Two-thirds of the five thousand civil servants of the Somali federal government do not report for government work while some of them are certainly ghost employees despite still receiving their monthly salary paid by the World Bank, Somali president Hassan Sheikh Mohamud said on Friday.
Mr. Mohamud, who was addressing government officials at the presidential mosque during the Friday prayer, said the ghost civil servants scheme had resulted the lose of millions of dollars provided by the international partners – including funds provided by U.S and British taxpayers – to support Somalia state-building in every month.
“There are more than 5,000 civil servants registered in our biometric system, but only 1,500 of them report to work every day. Where are the rest? They do not exist or they do not live in the country. However, they are still paid. They are thieves and their superiors who accepted this scheme are also thieves. They are simply stealing public money,” he said.
in 2014, the World Bank Group reengaged in Somalia for the first time in 23 years to provide public financial management, capacity building and budget support. Using biometric identification, the World Bank created a new project called Recurrent Cost and Reform Financing project (RCRF) which pays thousands of civil servants in the service of the new Somali state through the Central Bank.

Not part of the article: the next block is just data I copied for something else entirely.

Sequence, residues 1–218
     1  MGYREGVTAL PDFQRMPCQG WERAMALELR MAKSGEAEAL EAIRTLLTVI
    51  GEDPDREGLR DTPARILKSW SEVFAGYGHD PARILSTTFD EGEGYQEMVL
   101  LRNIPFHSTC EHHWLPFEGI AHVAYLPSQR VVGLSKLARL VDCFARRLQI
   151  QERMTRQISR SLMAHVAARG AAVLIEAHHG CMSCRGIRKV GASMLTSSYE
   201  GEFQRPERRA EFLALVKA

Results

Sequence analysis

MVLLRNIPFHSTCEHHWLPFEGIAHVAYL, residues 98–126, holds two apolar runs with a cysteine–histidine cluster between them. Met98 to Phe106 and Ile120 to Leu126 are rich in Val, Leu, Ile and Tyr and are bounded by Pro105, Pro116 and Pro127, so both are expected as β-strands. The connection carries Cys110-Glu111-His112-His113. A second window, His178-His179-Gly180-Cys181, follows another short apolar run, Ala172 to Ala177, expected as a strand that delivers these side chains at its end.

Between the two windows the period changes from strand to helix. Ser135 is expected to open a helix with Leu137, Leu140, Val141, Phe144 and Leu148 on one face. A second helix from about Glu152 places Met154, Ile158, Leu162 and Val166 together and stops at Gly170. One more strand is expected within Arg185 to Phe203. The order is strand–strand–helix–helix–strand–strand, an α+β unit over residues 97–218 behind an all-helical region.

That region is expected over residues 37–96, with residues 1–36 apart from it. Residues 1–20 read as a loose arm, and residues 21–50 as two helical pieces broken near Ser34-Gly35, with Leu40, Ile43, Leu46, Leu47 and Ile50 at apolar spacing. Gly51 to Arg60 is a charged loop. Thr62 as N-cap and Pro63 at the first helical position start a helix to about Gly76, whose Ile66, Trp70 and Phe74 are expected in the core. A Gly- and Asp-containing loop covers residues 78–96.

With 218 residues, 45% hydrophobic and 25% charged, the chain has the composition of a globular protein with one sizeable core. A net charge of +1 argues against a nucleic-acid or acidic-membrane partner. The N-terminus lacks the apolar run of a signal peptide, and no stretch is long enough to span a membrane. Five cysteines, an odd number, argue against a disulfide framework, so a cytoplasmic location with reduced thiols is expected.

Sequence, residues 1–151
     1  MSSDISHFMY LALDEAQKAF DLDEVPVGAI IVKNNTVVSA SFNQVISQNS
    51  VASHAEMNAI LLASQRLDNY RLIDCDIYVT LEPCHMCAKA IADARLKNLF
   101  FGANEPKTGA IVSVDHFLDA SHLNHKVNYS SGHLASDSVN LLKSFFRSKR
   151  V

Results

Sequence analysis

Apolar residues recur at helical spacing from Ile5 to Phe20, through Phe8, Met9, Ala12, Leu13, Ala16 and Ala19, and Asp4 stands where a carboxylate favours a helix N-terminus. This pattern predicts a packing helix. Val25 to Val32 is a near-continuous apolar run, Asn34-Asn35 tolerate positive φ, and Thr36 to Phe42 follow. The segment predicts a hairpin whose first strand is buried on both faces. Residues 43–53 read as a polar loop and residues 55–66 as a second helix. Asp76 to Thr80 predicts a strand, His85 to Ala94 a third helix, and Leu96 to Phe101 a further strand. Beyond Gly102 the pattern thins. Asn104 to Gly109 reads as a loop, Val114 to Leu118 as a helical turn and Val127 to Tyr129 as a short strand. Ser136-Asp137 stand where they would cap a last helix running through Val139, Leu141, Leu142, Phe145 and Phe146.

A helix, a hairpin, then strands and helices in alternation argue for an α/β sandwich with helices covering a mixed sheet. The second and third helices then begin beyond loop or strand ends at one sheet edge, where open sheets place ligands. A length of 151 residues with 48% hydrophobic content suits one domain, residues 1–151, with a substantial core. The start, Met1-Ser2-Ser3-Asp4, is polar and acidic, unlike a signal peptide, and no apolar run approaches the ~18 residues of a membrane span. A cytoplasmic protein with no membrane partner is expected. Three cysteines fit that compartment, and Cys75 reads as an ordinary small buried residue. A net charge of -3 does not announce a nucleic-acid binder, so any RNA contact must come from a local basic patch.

However, several reports previously warned that lack of transparency and limited supervision could lead to donor funding end up in private individuals’ pockets.
PERFORMING HAJJ WITH STOLEN PUBLIC MONEY
President Mohamud surprisingly admitted that some of his government officials have been travelling to perform Hajj – the annual Islamic pilgrimage to Mecca, Saudi Arabia, the holiest city for Muslims – with the stolen public money.
“These officials who stole the public money got dressed and went to the mosque with a robe and a turban on their shoulders. Others bought plane tickets with the money they stole from the government and travelled to perform Umrah or Hajj. It is not possible,” he said.
Somalia, along with Syria, ranked next-to-last, scoring 13 on the CPI on a scale from 0 (“highly corrupt”) to 100 (“highly clean”) in Transparency International’s 2021 Corruption Perceptions Index, which measures the perception of public sector corruption of 180 countries around the world.
According to Anti-Corruption Resource Centre, Corruption in Somalia is further exacerbated by the absence of a functional central government, a lack of resources and administrative capacity, weak leadership structures as well as a limited ability to pay public officials.
In his address, president Mohamud said his government remains very weak and could do anything to stop the problem of corruption in this country.
“We are not happy with it,” he added.